The PCjr was also the first PC compatible machine that supported page flipping for graphics operation. Since the PCjr used system RAM to store video content and the location of this storage area could be changed, the PCjr could perform flicker-free animation and other effects that were either difficult or impossible to produce on contemporary PC clones.
The Apple IIc, the fourth model in the Apple II series of personal computers, was Apple Computer’s first endeavor to produce a portable computer. The result was a 7.5 lb (3.4 kg) notebook-sized version of the Apple II that could be transported from place to place. The c in the name stood forcompact, referring to the fact it was essentially a complete Apple II computer setup (minus display and power supply) squeezed into a small notebook-sized housing.
While sporting a built-in floppy drive and new rear peripheral expansion ports integrated onto the main logic board, it lacked the internal expansion slots and direct motherboard access of earlier Apple IIs, making it a closed system like the Macintosh. However, that was the intended direction for this model — a more appliance-like machine, ready to use out of the box, requiring no technical know-how or experience to hook up and therefore attractive to first-time users.
The Apple IIc was released on April 24th, 1984, during an Apple-held event called Apple II Forever. The new machine was proclaimed as proof of Apple’s long-term commitment to the Apple II series and its users, an assurance the company’s older technology would not be forsaken or dropped with the recent introduction of the Macintosh. Beyond displaying a commitment to the vitality of the Apple II line, the IIc was also seen as the company’s response to IBM’s new PCjr.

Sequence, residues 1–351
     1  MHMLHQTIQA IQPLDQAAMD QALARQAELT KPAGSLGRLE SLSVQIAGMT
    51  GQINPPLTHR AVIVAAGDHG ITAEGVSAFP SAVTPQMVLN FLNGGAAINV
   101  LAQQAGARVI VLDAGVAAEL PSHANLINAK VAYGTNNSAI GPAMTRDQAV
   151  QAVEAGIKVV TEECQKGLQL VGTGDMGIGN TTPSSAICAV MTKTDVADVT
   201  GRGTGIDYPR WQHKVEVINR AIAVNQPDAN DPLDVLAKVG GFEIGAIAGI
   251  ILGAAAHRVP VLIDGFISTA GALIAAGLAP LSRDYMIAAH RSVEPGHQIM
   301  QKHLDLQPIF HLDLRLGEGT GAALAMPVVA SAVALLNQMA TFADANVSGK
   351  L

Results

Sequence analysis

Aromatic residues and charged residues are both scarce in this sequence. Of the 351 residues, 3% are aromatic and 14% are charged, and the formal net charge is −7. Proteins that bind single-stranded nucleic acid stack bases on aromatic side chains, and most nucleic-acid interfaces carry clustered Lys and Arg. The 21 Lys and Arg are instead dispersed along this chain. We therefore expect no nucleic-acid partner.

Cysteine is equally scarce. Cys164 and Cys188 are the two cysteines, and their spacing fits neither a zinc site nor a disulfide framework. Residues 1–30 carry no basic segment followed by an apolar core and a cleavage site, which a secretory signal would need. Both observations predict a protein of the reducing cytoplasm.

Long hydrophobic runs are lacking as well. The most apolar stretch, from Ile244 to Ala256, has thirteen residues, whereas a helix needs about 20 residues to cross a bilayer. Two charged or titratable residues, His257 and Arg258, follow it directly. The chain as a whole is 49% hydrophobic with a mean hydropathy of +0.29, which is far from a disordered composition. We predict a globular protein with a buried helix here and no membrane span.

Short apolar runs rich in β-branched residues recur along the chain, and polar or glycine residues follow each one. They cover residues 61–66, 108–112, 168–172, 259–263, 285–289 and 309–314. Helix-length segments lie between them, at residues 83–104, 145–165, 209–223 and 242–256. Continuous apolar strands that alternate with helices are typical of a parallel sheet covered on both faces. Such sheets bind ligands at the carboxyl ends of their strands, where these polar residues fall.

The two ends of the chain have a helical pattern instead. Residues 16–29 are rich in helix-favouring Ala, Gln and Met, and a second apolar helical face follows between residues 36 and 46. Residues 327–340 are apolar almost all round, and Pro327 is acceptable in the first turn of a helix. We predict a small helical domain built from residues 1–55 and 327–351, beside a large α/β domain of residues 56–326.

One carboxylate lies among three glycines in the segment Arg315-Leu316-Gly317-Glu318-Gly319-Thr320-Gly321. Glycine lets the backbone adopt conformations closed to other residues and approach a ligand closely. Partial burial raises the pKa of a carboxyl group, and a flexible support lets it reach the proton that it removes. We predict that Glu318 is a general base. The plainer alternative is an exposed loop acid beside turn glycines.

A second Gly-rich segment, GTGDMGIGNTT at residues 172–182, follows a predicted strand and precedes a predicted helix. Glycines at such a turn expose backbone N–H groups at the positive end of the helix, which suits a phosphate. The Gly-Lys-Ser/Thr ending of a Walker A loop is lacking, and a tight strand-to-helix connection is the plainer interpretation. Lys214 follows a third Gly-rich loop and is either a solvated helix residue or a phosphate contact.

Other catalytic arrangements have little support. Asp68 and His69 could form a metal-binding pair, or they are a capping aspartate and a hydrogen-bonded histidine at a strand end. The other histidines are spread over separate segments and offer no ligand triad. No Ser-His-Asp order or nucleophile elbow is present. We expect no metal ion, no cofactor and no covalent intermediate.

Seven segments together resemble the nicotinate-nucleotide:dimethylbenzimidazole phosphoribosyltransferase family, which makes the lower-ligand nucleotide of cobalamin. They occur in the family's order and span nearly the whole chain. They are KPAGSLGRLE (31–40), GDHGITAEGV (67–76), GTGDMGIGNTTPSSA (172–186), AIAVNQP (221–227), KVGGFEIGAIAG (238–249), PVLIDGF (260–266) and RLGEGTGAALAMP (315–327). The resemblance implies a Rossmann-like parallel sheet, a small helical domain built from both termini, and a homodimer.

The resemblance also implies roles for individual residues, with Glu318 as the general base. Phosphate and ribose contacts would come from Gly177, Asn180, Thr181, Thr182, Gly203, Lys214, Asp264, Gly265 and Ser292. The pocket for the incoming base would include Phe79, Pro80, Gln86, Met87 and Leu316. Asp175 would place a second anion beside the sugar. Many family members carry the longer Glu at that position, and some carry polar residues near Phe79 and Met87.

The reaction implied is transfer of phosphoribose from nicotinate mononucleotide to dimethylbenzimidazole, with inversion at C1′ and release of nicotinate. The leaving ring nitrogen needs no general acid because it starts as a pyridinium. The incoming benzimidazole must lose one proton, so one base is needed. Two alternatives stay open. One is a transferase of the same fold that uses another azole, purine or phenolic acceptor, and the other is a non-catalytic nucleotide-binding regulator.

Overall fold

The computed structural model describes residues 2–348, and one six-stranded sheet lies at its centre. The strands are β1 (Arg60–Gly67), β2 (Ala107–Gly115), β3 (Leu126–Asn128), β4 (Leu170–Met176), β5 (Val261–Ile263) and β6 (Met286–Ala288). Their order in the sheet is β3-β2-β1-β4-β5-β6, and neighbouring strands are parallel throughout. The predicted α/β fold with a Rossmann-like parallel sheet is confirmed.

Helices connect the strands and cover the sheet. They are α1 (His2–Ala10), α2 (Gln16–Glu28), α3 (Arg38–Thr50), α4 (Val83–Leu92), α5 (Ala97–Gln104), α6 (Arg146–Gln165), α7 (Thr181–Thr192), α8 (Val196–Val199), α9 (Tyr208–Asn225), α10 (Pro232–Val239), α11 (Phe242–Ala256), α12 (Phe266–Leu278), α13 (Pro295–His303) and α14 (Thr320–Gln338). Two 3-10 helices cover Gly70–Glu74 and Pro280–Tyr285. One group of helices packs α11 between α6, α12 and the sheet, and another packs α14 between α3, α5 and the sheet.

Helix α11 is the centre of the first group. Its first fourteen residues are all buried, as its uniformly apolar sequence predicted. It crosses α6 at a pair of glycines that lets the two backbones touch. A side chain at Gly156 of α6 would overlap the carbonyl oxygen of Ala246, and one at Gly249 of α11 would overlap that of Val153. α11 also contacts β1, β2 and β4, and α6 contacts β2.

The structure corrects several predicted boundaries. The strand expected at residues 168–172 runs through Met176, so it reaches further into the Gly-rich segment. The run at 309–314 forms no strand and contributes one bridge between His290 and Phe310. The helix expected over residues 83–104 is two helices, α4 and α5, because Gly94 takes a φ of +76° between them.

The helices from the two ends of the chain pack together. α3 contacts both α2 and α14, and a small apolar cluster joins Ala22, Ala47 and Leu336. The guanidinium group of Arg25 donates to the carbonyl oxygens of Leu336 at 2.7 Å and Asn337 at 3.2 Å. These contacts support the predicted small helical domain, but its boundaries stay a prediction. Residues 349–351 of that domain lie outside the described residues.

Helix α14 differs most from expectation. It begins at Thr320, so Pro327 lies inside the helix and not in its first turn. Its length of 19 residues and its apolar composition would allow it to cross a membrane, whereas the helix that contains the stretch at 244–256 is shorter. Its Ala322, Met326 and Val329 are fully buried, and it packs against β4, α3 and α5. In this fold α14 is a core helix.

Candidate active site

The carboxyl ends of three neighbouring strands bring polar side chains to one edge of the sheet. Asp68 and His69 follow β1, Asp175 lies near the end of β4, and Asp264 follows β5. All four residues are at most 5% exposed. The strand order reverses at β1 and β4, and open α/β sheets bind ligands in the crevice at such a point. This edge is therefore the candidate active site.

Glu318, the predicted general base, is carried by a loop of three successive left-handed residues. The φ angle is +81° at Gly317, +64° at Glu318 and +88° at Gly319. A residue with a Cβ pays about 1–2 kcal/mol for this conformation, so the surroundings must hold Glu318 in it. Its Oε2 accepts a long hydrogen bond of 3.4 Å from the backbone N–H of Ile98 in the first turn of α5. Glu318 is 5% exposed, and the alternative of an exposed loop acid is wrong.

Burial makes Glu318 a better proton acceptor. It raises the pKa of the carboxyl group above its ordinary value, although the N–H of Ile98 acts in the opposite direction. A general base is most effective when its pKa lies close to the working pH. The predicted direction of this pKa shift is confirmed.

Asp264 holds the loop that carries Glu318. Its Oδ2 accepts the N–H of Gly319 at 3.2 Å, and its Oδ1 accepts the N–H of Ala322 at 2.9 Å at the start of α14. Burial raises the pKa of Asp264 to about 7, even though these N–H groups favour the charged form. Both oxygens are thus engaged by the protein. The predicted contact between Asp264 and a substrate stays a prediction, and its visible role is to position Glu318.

While essentially an Apple IIe computer in a smaller case, it was not a successor, but rather a portable version to complement it. One Apple II machine would be sold for users who required the expandability of slots, and another for those wanting the simplicity of a plug and play machine with portability in mind.
The machine introduced Apple’s Snow White design language, notable for its case styling and a modern look which soon became the standard for most Apple equipment and computers, and continued for nearly a decade after. The Apple IIc introduced a unique off-white coloring known as “Fog,” chosen to enhance the Snow White design style. The Apple IIc, along with a few other peripherals, was the only computer made by Apple to use the “Fog” coloring.
While relatively light-weight and compact in design, the Apple IIc was not a true portable in design as it lacked a built-in battery and display.
The Dragon 32 and Dragon 64 are home computers that were built-in the 1980s. The Dragons are very similar to the TRS-80 Color Computer (CoCo), and were produced for the European market by Dragon Data, Ltd., in Port Talbot, Wales, and for the US market by Tano of New Orleans, Louisiana. The model numbers reflect the primary difference between the two machines, which have 32 and 64kilobytes of RAM, respectively.